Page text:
They also visited historical and cultural sites, including the Plaza de la Revolución, with its landmark 100-ton steel outlines of revolutionary figures Che Guevara and Camilo Cienfuegos, the artist communities of Muraleando and Callejon de Hamel, the national Havana Club rum factory and the town of Viñales in the western province of Pinar del Rio, with its breathtakingly distinct rounded mountains.

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There, some students bought two fresh loaves of rationed bread for 15 cents from a state-run bakery, bought cigars from a tobacco farm and lunched in a casa particular, a private homestay, with a view of the mountains. With internet still largely inaccessible in Cuba, where connecting to Wi-Fi means buying a scratch-off card with a code to connect to a spotty—at best—internet connection, the students were forced into a digital detox.

But, as William Miller, the former vice president of the Patronato notes, the students’ first priority was to support the Jewish community and build the bonds that tie Jews together the world over.

Those bonds are expressed in Cuba at lively community gatherings, for customs such as the weekly Havdalah ceremony, where a candle-lit prayer is chanted, arm-in-arm, to celebrate the end of the Sabbath and the separation of work and rest, and the annual Purim festival, where the story of Queen Esther and Mordecai is re-enacted, all with colorful costumes, candies and dancing.

UM Hillel began offering Alternative Spring Break trips in 2010, “as a way for students to engage and promote a core tenet of Judaism—to repair the world and leave it better than how it was found,” says Igor Khokhlov, executive director of UM Hillel.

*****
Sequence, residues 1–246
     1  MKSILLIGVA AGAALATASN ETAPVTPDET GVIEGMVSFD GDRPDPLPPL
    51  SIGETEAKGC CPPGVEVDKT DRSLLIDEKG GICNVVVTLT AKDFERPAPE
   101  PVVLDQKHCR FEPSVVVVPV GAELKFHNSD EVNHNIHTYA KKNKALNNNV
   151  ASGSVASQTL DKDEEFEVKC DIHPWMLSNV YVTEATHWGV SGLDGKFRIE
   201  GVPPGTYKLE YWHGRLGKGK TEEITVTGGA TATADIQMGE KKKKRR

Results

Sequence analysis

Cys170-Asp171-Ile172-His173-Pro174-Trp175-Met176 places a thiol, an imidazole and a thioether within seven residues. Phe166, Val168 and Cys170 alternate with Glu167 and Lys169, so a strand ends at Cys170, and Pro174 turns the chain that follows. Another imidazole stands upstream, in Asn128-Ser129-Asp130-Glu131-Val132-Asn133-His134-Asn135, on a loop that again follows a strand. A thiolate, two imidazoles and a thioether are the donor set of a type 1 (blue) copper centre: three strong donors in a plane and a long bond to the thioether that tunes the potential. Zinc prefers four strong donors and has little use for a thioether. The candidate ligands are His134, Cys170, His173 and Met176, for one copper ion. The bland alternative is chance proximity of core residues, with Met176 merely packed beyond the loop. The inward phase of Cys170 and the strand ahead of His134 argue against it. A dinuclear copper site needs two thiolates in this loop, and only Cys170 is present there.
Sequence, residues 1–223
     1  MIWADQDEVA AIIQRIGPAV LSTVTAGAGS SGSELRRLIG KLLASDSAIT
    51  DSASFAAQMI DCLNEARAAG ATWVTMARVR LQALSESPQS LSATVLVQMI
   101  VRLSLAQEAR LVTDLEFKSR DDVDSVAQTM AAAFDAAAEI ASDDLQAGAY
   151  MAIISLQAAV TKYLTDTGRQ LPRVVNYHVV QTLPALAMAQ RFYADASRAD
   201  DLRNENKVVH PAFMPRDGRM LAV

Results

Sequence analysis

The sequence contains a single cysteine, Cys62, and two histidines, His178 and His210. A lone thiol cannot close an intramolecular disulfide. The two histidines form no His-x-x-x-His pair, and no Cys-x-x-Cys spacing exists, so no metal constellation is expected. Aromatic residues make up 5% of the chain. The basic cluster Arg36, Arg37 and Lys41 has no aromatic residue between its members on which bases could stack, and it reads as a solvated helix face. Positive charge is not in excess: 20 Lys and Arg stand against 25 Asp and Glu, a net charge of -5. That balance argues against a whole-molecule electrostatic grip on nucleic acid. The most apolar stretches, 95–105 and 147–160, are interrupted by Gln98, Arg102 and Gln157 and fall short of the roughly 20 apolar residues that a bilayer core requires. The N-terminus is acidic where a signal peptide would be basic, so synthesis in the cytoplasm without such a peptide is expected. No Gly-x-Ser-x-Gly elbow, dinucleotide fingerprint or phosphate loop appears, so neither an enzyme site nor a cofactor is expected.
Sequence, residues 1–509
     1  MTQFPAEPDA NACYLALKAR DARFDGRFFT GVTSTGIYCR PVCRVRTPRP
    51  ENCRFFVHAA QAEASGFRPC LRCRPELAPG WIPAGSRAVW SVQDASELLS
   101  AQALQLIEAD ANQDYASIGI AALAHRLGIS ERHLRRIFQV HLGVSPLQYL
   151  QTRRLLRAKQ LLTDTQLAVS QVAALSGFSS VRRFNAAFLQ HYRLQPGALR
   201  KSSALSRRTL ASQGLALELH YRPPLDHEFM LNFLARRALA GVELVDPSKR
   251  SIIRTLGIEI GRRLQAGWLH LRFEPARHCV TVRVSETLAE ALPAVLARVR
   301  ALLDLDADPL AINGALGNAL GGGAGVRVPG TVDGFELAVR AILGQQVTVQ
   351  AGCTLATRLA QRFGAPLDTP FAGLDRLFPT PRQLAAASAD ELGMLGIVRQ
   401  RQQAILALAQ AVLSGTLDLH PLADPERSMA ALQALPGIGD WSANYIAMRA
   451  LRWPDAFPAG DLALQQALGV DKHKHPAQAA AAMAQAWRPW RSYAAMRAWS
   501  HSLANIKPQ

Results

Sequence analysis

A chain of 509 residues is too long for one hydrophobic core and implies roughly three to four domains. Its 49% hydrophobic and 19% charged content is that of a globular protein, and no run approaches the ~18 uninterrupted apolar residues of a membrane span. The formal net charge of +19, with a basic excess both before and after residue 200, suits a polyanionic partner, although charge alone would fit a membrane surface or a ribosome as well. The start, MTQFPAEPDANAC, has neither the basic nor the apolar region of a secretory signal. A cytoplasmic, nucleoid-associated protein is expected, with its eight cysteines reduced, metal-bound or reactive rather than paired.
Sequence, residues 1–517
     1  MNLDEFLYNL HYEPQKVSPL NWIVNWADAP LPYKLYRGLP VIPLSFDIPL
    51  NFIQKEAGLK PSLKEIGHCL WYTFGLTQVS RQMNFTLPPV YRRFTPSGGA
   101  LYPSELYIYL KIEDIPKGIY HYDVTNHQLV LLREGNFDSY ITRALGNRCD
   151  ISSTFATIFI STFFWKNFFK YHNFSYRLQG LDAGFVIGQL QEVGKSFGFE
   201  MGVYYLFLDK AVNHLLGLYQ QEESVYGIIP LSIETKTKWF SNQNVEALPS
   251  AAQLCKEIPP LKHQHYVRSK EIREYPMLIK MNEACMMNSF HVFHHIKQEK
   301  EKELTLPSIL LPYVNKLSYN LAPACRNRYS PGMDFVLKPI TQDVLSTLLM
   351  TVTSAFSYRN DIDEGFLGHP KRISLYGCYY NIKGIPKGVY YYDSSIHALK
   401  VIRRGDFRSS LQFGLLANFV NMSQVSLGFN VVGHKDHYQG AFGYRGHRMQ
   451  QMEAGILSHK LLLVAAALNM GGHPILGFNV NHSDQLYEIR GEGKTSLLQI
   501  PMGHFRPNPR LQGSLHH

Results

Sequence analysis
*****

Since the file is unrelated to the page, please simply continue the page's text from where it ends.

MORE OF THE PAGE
On the island, the college students are “really engaging in people-to-people exchange with not just local Cubans, but Cuban Jews,” says Miller, who runs the tour and cultural exchange arm of the congregation. “This is very important to us. Not many groups are coming and doing the humanitarian work that UM Hillel is doing.”

The trips, the first to Argentina and the next to Brazil, Khokhlov says, also show Jewish-American students how Jewish communities in other countries express their Judaism in similar and different ways.

Until about 30 years ago, Cuba’s Communist government heavily restricted the practice of religion for almost all faiths—except Judaism.

“Many in the Cuban Jewish community left for the United States in 1959, but some stayed behind,” says Miller. “Those that remained trusted that communism would work and so the Patronato and its leaders, notably the late Jose Miller, an Ashkenazi Jewish immigrant from Poland, built relationships with the newly installed administration.”

“As a result, there have been less hurdles to jump for Jewish groups from the U.S. trying to visit Cuba,” says Miller, the grandson of the Patronato’s founder, noting that travel restrictions for American groups have loosened considerably over the last decade. “It’s very important for us to communicate that, despite interaction being restricted for so long, this is happening, and we want everyone to know that they are welcome here,” Miller says.